We’re still figuring out the best way to test these claims, but so far, I have no reason to believe that Sony’s numbers are off.
Sony improved the tech for phone calls in the WF-1000XM4 with bone conduction and beamforming technology to better pick up your voice.
I tested phone calls under the same highway bridge where I tested noise cancellation. I called someone to see whether they could hear me comfortably among all the traffic noise. The person I called could easily hear me without noticing any ambient noise, but cars whooshing by were still audible to the callee. She was able to hear and understand me, but said that it could be problematic in a busy city, where cars are constantly driving past pedestrians.
The WF-1000XM4 also work great for video calls, which is worth noting since Apple’s AirPods Pro are notoriously bad for video calls.
App and other features
The Sony Headphones app is comprehensive, but it could do with a cleanup to make it easier to use. Odd language like “Suppresses headphone battery consumption” when you turn off noise-cancelling could be reworded to “Saves battery life” to make the feature easier to understand.
Otherwise, the WF-1000XM4 have ample features. I was dubious about “Speak to Chat” in my Sony WH-1000XM4 review, but I’ve grown to like the feature. It automatically turns on Ambient Sound mode to amplify ambient noise when the earbuds detect that you’re talking. It’s a great feature if you’re in the zone listening to music with noise-cancelling enabled, and someone is trying to get your attention. Just saying “what’s up” (or anything else) lets you hear what the person is saying. Once you’re done speaking, the earbuds return to whatever setting you had.
You’ll also find the equalizer in the app, which, while a little involved, is truly excellent. The WF-1000XM4 have a malleable sound and are eager to please. You also get options for giving priority to sound quality or a stable wireless connection, but I’ve never felt the need to enable the latter. You can also enable or disable Sony’s DSEE Extreme feature that upscales compressed music (most music you stream, unless it’s from high fidelity services like Tidal). More often than not, it’s hard to tell if it makes a difference. I usually leave these kinds of upscaling features off to prevent additional processing.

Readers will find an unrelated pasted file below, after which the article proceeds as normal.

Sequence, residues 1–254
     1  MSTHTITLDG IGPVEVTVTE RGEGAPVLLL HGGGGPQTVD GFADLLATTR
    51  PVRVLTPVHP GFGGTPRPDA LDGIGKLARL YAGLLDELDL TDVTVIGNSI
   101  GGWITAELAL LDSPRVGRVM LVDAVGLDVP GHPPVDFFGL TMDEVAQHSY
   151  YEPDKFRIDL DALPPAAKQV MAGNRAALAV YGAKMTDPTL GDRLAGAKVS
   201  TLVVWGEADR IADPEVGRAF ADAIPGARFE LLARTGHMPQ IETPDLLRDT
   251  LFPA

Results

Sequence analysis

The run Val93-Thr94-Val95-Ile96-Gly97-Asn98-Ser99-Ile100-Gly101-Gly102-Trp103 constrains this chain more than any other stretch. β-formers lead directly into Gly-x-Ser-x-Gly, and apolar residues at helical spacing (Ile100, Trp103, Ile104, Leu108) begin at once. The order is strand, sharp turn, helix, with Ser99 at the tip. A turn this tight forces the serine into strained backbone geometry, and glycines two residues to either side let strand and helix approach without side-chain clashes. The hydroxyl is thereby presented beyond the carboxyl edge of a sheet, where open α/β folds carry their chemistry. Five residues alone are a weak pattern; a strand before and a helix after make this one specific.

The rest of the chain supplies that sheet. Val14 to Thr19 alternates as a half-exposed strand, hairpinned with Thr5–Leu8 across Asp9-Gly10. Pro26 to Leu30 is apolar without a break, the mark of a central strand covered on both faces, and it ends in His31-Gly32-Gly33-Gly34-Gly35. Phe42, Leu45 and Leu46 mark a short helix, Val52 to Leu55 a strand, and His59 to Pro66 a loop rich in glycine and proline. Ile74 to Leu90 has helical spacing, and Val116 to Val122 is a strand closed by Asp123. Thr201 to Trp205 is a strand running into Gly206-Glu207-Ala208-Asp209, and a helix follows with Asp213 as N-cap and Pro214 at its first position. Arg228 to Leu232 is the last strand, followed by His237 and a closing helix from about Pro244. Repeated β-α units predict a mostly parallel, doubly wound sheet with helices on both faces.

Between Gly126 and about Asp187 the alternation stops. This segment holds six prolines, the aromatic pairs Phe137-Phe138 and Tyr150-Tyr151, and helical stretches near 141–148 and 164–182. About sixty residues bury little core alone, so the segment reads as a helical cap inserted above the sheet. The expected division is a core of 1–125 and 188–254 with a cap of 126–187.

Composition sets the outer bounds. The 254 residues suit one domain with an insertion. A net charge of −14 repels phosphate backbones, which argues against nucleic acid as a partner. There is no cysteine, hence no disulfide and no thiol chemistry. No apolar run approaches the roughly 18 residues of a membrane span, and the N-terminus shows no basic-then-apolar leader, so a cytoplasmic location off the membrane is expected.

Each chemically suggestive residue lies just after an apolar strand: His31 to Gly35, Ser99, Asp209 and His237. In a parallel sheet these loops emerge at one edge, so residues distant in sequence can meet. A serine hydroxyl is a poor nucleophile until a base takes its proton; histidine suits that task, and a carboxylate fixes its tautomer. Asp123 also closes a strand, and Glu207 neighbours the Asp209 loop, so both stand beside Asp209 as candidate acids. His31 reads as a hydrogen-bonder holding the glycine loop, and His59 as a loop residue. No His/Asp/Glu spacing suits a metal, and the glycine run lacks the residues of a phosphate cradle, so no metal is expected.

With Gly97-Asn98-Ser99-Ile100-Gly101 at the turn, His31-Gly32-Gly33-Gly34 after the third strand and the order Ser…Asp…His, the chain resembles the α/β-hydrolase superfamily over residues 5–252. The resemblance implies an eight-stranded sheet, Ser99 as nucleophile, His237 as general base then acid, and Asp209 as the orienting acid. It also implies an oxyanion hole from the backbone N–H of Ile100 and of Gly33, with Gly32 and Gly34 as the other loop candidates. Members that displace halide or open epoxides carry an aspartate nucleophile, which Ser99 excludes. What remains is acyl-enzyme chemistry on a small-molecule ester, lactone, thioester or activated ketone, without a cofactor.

Sony boasted improved wind noise reduction with the WF-1000XM4, but this feature is in dire need of tweaking. It does seem to work, but it also seems to reduce or disable regular noise cancellation, which lets in ambient noise. You’re basically replacing one evil with another. Plus, you need to enable the wind reduction mode in the app, and there’s no way to enable it by tapping the touch sensors on the buds.
And finally, there’s Sony’s 360 Reality Audio. It supposedly delivers surround sound, but it only works with an utterly limited number of apps, including Deezer, Artist Connection, nugs.net, and Tidal. This feature shouldn’t be a consideration when you’re thinking about buying the WF-1000XM4.
Outside of the app, the WF-1000XM4 have an IPX4 water-resistance rating, making them a suitable option if you want wireless earbuds for working out, or anticipate using them outdoors when there’s a chance of rain.
Unfortunately, the WF-1000XM4 don’t offer Bluetooth Multipoint. This feature lets you connect to two devices simultaneously, and there were times during my testing when I wished it was included.
I found myself watching a video on my laptop with the WF-1000XM4 and getting a call on my phone, but I couldn’t use the earbuds for the call because they were only connected to my laptop. You can switch the connection to another device fairly easily, but not quickly enough for unexpected events like a phone call.
To be fair, most wireless earbuds don’t have this functionality, save for Apple’s AirPods that easily switch between other Apple devices, and Jabra’s Elite 75T and 85T wireless earbuds. If that kind of functionality is important to you in noise-cancelling headphones, your best bet will be one of those aforementioned earbuds, or full-size headphones, like Sony’s excellent WH-1000XM4 or the Bose 700.
If sound quality and noise cancellation are important to you, and $280 is within your budget, you should absolutely buy the Sony WF-1000XM4.
If you know you don’t like ear-plug style earbuds, the Bose QuietComfort Earbuds are nearly identical in performance, and they have a lighter fit. Just note, they’re not water resistant.
Otherwise, for about $100 less than the Sony WF-1000XM4, the Jabra Elite 85T come highly recommended, and they include Bluetooth Multipoint tech for connecting to multiple devices, too.
Pros: Excellent sound quality, impressive noise cancellation, long battery life, wireless charging case, comfortable fit, water resistance, versatile and malleable sound for personal preference
Cons: Can’t connect to more than one device at a time (Bluetooth Multipoint), pricey